It is now commonplace for an insurer to propose that all or part of a personal injury or wrongful death settlement be a ‘structured settlement.’ Such a proposal should also contain a lump sum cash alternative for settlement. The decision about whether to accept a ‘structured settlement’ should be entirely the victim’s or family’s, not the insurer’s.
A number of factors should be considered in making this decision. Structured settlements lack the flexibility of a lump sum settlement. If future financial needs change, it is difficult if not impossible to change the amount or frequency of payments of a structured settlement. Certain firms advertise that they will pay cash for structured settlements. These firms ‘buy’ the annuity payments at a huge discount which results in a huge loss for the injured victim and should be avoided. Therefore, if there’s a chance that a lump sum will be needed in the future, a structured settlement should be avoided.
Structured settlements were originally devised when both tax rates and interest rates were considerably higher than now. Therefore, the monetary benefit in not being taxed on the ‘gain’ from the annuity was much greater. At present, that benefit is often not worth the loss of flexibility. That said, there are circumstances when a structured settlement is useful, such as when the victim or family are unable or uncomfortable investing a lump sum settlement or when there is a concern that a lump sum might be subject to inappropriate spending or invaded by family or friends.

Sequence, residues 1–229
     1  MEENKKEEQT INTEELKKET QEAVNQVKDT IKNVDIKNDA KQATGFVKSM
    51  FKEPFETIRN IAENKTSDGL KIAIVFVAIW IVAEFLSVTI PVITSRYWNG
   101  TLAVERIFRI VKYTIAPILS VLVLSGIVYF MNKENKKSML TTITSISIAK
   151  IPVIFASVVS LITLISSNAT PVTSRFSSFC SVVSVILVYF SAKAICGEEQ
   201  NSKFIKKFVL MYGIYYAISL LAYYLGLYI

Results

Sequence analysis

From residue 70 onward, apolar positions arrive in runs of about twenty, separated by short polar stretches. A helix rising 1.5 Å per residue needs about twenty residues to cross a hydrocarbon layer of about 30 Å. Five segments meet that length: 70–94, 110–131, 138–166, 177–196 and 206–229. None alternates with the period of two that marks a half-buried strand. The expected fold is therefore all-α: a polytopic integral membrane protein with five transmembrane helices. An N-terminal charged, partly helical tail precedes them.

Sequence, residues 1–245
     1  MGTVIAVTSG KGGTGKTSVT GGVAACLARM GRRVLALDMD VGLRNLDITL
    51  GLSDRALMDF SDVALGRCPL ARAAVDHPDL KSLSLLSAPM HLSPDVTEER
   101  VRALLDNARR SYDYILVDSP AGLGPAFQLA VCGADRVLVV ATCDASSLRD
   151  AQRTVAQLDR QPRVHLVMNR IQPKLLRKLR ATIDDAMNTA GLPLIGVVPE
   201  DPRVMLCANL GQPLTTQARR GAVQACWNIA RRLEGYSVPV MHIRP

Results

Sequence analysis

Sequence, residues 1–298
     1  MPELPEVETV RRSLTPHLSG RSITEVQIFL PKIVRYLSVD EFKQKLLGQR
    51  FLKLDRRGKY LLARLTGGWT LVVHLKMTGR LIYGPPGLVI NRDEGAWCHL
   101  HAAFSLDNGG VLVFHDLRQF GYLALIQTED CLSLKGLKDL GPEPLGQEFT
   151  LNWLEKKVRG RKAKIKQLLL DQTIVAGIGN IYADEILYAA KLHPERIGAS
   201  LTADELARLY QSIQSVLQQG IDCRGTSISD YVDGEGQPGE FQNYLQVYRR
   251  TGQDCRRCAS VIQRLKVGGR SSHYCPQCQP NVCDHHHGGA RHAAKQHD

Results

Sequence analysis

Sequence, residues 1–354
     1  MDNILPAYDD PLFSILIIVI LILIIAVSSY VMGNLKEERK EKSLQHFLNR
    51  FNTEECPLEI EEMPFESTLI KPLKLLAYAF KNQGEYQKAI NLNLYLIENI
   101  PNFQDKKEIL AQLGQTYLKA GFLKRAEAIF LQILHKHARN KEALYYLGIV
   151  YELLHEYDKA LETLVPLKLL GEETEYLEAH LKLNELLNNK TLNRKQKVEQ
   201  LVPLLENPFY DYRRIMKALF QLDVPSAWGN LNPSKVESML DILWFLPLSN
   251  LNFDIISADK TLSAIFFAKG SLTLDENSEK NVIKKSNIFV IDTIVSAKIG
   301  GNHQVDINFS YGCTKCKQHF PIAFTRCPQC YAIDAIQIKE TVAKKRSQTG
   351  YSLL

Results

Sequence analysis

One feature of a structured settlement that can be useful is the flexibility (available only at the time of settlement) to customize the amount and payment timing of the benefits. The insurer buying the annuity commits to paying an agreed upon amount in settlement and then the victim or family can use that amount to customize a structure. For example, a settlement for a minor can be structured to provide ‘tuition’ payments during each of the college-age years or the amount of payments can be matched to present expenses with an inflation adjustment feature.
One feature that is common to most structured settlements is a provision about the continuation of payments in the event of the death of the victim or family members receiving the payments. This is called the ‘guaranteed’ period. For example, a structured settlement might provide payments of a certain amount every month for the remainder of the life of an injured victim with a guaranteed payment for 10 years. This means that even if the victim dies before the end of the 10 year period, the annuity will pay for the full 10 years. Payments scheduled to be made after the death go to a designated beneficiary.
The frequency with which liability insurers propose a settlement using a ‘structured settlement’ demands that a personal injury victim or the family in a wrongful death case be represented by a personal injury law firm familiar with this type of settlement. Because changing a ‘structured settlement’ or converting to cash later can be difficult, costly and sometimes impossible, the advice of an experienced personal injury attorney and firm is essential before deciding to accept this type of settlement.